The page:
SINGAPORE: Frontline businesses, including those in the F&B, retail and services sectors, called out for help on Wednesday (July 21) to ensure their survival, with revenues likely to take another hit as COVID-19 restrictions reappear tightened up.
From Thursday through August 18, dining in the restaurant will be suspended and all social gatherings will be limited to two people.
READ: Return to Stage 2 (heightened warning): Dining will be suspended, group sizes back to 2
The Alliance of Frontline Business Trade Associations said they are “deeply concerned about the sustainability of our businesses”.
Central to their appeal was that landlords should share the burden. The alliance acknowledged that the government has provided assistance, but asked landlords to do more.
At a press conference, Mr. Kurt Wee, president of the Association of Small & Medium Businesses (ASME), said he notices a difference in landlord behavior.
“Last year there was mandatory legislation to share the pain,” he noted.
“I have to say that since the first Stage 2 (Raised Alert) situation, and until now, although there (are) selective announcements of auxiliary fragments … from where we see it, there is hardly any sharing of pain this round. “
“SPORADIC AND SELECTIVE” HELP
Following on from this was Mr Terence Yow, chairman of the Singapore Tenants United for Fairness (SGTUFF), who said help from landlords was “sporadic and selective”.
“We can easily say that 80.90 percent of tenants in our communities have not received help from landlords since May,” said Mr. Yow.
“In fact, the last time we got really significant help from landlords was last year,” he added, referring to the circuit breaker period, when landlord assistance was mandatory.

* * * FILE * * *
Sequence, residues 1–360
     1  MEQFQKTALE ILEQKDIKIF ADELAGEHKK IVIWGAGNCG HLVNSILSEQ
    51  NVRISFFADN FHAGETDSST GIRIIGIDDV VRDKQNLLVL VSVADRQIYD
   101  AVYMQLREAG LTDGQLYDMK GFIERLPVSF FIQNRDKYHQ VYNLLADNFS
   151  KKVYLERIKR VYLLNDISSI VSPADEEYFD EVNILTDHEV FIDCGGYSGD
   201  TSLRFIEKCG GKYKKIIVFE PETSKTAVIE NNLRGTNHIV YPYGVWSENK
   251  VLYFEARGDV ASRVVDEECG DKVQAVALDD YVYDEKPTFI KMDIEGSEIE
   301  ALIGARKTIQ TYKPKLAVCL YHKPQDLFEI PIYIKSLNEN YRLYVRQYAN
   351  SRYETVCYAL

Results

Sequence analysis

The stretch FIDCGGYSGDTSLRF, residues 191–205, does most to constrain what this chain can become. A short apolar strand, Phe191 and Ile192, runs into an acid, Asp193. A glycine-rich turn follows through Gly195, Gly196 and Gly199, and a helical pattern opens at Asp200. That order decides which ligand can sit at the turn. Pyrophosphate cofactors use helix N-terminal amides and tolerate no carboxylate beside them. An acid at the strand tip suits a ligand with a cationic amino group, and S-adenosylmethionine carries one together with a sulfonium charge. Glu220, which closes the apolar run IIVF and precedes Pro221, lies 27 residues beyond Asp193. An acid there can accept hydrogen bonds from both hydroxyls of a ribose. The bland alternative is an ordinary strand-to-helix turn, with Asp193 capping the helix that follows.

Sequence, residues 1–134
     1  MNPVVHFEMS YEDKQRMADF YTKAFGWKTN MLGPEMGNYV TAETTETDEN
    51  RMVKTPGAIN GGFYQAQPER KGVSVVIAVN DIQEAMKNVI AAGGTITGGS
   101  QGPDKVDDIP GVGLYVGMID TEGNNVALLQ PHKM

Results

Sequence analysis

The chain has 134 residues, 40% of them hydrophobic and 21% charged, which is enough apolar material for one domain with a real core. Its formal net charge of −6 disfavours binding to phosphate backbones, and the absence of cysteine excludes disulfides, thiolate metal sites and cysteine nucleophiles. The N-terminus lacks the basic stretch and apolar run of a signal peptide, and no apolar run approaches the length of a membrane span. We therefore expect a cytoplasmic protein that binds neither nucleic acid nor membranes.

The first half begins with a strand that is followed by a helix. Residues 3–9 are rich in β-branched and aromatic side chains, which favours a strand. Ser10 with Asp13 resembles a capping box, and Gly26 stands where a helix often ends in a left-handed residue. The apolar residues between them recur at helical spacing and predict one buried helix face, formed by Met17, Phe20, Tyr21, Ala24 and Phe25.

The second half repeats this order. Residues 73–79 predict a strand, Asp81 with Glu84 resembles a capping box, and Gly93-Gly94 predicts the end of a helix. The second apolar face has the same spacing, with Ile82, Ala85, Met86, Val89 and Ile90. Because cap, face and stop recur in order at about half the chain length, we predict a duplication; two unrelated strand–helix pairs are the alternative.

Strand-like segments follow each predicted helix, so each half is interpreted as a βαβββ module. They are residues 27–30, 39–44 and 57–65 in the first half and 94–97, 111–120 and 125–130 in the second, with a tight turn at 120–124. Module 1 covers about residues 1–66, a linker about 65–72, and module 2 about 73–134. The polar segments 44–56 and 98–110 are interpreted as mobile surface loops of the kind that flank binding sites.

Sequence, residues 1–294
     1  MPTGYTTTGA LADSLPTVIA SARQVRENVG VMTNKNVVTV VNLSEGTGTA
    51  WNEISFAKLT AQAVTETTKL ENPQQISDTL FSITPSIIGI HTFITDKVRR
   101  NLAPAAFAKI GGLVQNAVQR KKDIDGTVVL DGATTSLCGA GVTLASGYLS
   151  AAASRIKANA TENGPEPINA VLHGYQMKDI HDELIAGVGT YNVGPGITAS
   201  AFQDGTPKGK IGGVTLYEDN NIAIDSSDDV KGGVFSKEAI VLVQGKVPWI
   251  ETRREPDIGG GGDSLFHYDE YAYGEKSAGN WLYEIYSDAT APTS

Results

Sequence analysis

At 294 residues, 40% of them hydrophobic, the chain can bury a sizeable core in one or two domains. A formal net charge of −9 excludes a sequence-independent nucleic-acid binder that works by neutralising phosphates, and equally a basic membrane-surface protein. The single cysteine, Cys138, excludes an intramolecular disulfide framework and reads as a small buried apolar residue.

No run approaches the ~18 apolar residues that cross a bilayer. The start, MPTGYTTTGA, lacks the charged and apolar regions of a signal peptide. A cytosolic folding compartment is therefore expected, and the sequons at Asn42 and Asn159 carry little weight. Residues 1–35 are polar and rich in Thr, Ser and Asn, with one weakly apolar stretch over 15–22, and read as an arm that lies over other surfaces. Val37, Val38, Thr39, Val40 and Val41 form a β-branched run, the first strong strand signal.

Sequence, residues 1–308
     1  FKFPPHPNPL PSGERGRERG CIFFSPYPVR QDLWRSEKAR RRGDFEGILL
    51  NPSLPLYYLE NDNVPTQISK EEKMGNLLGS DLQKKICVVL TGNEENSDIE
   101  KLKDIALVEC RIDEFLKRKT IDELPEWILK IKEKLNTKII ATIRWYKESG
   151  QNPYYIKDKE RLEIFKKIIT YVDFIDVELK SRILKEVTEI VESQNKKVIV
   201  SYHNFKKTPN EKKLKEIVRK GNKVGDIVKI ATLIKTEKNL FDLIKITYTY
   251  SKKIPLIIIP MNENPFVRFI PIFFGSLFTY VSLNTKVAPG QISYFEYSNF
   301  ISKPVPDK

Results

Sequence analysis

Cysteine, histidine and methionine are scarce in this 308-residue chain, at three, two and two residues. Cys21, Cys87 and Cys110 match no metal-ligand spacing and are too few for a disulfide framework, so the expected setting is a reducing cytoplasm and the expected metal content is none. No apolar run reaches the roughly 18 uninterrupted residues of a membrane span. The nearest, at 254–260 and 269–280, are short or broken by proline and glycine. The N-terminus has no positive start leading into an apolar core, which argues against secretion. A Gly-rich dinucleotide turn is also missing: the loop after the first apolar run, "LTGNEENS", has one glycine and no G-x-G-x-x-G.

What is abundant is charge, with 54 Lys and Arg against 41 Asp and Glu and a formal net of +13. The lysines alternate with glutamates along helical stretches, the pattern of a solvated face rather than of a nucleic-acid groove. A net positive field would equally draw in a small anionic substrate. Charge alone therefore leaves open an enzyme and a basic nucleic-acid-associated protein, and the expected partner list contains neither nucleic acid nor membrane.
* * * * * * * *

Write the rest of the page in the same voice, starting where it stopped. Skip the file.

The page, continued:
The alliance suggested a “variable” rent payment model that would mean rent discounts are linked to revenue decline.
“If your sales are down 50 percent, we’ll ask landlords to then cut the gross rent by 50 percent, so it’s very fair,” said Mr. Yow, adding that the rent wouldn’t be a “random number.” ”.
The other members of the alliance are the Restaurant Association of Singapore (RAS) and the Singapore Retailers Association (SRA), whose representatives also attended the press conference.
The alliance also said that while some sectors remain open, there will be knock-on effects when dining is suspended as people don’t go out as much.
TIME OF APPEAL
On the timing of the appeal, RAS president Andrew Kwan acknowledged that there are some landlords who have helped their tenants.
But he said the latest round of restrictions is coming to a point where many companies have “completely exhausted” their reserves.
“If the industry is left to its own devices. I think the reading is that many, many would face a shutdown, and that’s generally not going to be a good thing, because not only will the company go under, but it will bring all the employees along with it,” he said.
Likewise, Mr Yow, who estimates 10 to 20 percent of businesses have closed since the start of the pandemic, said many businesses are in the “deep red.”
“We honestly think this is the last chance or opportunity for us to hold out,” he said.
The alliance also called for wage support measures and an extension of bank loan moratoriums until June 2022.
Even as it made these requests for aid, the alliance acknowledged that the affected sectors have received support from the government.
Authorities said on Tuesday that the government will provide a support package to affected businesses and workers in view of the latest curb.
The package will reference the support provided in the previous Phase 2 (Increased Alert), which lasted from May 16 to June 13. At the time, the government offered assistance, such as wage support and housing benefit.
On Wednesday, Mr Kwan said: “We really hope that all of Singapore can come together … as we saw last year, all stakeholders came together.”